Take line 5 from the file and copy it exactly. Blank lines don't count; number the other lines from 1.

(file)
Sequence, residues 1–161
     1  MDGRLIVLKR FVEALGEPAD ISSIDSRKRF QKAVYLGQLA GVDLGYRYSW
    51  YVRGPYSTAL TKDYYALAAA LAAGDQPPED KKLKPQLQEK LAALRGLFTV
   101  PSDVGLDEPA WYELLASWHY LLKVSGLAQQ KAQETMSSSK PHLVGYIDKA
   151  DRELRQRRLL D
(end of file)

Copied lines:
   151  DRELRQRRLL D